In addition to this, the content generated through blog posts, infographics, ebooks, guides, templates, etc. can project that you can stay ahead of trends and understand users in a way that impresses them. The underlying key to content generation is value. Every piece of content put out there for your users or new audiences, has to provide value.
Now that you have the content, you have to think of ways in which you can deliver it to your intended users. The most relevant and growing channels are social media, email marketing, mobile website, and SMS/notification. All these channels can be optimized and used according to your content strategy – do you want is personalized? Then, use email marketing and/or SMS/notifications. You want to reach as many viewers as possible? Then use social media and/or mobile websites.
With these media categories available to you, you can connect with new users across the spectrum of paid, earned, shared, and owned media, by understanding your options and learning how you can integrate them to seek greater control and immediate results. However, as we enter this new decade, we as app marketers face challenges that may hinder our path to growth. I would like to draw attention to some of these challenges and evaluate how we can overcome them.
User Acquisition Challenges in 2020
Increasing UA Costs
This is the most obvious one as the increase in demand leads to a rise in UA. Moreover, acquiring users that will actually transact with you, i.e., in-app purchases, can be even more costly. In the last five years, the cost of acquiring new customers has increased by over 50%. The most common way to overcome this rising cost is to rely heavily on data-driven marketing strategies that allow you to optimize and give you the confidence to invest in marketing and drive profitability.
With digital on the rise and people becoming more tech-savvy, the dark side of digital is also on the rise. Ad fraud is one of the evils lurking around digital advertising with fraudsters looking for ways to steal marketing spend. App marketers need to be vigilant and recognize ad fraud before it is too later reclaim ad spend they have already handed over to a network or, in a worst-case scenario, fraud goes unnoticed. A preventive measure such as choosing transparent ad networks/agencies/platforms such as minimob, and working with third-party attribution platforms will reduce the damage done or even irradiate completely.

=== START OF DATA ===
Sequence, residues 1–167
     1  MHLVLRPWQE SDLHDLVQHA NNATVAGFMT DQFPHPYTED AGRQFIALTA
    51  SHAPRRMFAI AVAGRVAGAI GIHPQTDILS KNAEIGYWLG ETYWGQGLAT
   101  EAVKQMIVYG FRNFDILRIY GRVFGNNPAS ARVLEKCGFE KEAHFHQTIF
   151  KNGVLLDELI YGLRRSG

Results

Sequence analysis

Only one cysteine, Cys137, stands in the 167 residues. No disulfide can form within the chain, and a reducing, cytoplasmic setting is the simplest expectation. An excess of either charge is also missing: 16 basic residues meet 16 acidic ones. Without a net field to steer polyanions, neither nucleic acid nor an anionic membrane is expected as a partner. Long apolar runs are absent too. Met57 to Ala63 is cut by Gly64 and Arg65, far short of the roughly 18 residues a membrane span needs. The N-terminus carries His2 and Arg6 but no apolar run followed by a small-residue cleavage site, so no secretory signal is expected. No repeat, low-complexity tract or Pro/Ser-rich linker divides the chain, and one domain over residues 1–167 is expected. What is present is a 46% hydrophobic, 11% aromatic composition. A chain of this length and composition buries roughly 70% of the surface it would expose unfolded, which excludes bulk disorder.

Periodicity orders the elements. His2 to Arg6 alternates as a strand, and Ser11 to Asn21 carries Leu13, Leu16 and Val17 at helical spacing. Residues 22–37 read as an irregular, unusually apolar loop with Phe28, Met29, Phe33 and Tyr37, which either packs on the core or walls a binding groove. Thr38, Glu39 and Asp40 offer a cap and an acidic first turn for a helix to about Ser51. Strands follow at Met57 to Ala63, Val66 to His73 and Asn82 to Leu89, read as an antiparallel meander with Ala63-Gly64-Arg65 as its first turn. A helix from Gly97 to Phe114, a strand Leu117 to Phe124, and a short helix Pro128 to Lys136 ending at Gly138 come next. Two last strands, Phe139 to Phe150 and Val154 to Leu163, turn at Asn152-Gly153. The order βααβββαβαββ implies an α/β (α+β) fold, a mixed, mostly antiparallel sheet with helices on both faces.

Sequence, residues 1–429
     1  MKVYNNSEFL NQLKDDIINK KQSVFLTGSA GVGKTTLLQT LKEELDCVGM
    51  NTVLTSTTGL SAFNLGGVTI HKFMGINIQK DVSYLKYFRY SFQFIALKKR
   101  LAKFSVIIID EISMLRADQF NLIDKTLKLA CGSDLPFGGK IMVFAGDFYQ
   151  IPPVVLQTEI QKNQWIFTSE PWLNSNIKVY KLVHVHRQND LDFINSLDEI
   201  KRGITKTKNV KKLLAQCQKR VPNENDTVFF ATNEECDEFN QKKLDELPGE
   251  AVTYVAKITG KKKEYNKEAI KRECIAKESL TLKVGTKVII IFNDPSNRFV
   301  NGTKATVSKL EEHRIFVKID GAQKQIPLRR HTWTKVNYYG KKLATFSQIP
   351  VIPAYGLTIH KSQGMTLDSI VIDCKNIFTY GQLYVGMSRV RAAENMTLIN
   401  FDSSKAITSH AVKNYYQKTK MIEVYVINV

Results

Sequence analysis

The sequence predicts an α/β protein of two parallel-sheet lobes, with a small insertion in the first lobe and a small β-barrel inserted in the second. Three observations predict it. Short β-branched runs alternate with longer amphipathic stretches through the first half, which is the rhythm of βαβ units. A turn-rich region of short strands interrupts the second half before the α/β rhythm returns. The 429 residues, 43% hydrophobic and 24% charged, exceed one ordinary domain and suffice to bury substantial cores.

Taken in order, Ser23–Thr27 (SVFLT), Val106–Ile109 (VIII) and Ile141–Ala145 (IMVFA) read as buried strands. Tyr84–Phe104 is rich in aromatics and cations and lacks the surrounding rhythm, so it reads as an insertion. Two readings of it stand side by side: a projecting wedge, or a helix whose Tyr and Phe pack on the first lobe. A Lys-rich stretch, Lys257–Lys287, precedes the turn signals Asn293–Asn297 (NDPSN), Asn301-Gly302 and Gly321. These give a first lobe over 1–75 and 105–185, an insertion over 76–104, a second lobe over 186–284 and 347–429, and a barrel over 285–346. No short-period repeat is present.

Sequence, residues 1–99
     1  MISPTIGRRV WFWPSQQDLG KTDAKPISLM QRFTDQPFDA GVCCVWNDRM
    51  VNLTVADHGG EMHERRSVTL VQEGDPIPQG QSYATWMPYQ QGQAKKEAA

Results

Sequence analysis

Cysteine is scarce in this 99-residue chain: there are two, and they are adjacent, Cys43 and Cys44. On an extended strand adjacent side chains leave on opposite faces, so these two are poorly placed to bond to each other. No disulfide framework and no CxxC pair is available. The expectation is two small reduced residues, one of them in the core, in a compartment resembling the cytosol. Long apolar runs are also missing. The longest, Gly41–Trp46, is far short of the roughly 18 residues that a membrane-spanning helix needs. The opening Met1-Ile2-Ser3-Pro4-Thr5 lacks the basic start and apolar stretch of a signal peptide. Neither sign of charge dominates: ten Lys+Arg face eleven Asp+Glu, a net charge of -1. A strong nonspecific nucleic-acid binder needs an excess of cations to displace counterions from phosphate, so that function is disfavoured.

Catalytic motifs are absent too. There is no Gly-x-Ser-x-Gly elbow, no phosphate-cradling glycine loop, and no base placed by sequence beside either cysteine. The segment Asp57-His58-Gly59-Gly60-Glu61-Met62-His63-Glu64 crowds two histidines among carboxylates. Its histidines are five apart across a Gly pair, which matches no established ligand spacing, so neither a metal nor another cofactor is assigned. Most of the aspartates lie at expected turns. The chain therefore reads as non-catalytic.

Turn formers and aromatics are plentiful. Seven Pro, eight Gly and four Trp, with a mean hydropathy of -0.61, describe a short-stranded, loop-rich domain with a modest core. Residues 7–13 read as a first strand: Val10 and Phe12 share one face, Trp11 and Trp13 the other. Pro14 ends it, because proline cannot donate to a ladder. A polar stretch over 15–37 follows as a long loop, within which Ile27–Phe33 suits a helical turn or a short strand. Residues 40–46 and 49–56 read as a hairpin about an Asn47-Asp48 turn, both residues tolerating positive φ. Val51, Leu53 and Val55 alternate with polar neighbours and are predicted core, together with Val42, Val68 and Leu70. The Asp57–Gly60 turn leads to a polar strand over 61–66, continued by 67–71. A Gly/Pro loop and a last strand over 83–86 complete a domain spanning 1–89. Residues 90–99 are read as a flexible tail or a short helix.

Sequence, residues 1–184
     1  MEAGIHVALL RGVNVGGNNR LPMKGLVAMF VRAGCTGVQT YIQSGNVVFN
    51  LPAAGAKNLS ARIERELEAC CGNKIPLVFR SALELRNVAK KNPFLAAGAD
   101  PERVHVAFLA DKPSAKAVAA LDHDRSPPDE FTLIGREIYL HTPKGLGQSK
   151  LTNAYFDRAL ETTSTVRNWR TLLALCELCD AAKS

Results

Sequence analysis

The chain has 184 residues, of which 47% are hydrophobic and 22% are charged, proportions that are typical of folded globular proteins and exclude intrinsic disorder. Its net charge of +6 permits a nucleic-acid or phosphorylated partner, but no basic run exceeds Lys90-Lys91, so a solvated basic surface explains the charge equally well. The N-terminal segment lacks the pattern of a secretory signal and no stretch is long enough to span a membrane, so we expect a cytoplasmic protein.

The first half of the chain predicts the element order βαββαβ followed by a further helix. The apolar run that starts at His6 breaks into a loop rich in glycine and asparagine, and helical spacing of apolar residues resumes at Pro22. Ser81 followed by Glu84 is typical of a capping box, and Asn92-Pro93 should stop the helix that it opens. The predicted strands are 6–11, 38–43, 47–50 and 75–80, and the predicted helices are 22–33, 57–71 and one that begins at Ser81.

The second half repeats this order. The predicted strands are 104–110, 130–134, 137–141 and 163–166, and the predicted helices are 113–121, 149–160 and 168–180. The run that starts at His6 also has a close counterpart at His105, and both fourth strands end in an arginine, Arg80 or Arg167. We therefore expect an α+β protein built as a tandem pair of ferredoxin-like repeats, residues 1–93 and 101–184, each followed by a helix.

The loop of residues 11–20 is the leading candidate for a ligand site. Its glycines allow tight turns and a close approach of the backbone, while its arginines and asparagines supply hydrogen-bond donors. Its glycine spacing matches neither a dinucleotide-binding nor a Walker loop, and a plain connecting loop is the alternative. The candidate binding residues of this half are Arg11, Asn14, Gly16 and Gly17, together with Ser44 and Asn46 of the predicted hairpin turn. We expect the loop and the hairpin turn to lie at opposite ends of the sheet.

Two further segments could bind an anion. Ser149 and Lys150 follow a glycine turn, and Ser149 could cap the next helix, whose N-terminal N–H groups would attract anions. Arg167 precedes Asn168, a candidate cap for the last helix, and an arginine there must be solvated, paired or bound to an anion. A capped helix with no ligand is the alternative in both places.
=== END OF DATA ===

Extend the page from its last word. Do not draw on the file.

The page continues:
With regulations like the EU’s General Data Protection Regulation (GDPR) and California Consumer Privacy Act (CCPA), tracking of data and personalizing ads will become extremely challenging and costly. Even Apple’s Intelligent Tracking Prevention (ITP) will cut back available data and raise prices for premium third-party data and location-based advertising. This will also make segmentation and targeting difficult. App marketers should start to utilize their first-party data and develop data collection methods through the use of AI and machine learning, and other marketing technology, which will prove to be cost-effective in the long run.
Users are demanding, finicky, and extremely fickle. This means that they cannot stick to one app. This means churn burns us, marketers, especially when the app monetizes on in-app purchases. The above table shows the retention rates for days 1, 7, and 30. The drop in percentages makes it apparent that churn rates are high, with app marketers losing valuable users they can monetize. The only way that marketers can minimize this phenomenon is to think about ways in which they can retain users using various strategies. This brings me to the next big topic – User Retention (UR).
What is User Retention?
User Retention is self-explanatory – it is the art of keeping your converted users (new customers) as loyal customers who keep using your app and/or transacting with your app. If you own an application that runs on the freemium model, this is very important for monetization. The most crucial metric is retention rates. This figure alone can tell you so much about your app, your strategy, your users, and, ultimately, what you can do to optimize.
A higher retention rate means that your users are utilizing your app to its fullest as users are active for longer, providing for more engagement and offer more significant opportunities for you to monetize. This also allows you to understand why users stop using your app and where you stand in the grander scheme of app performance. This data will help you point to the aspects you can improve.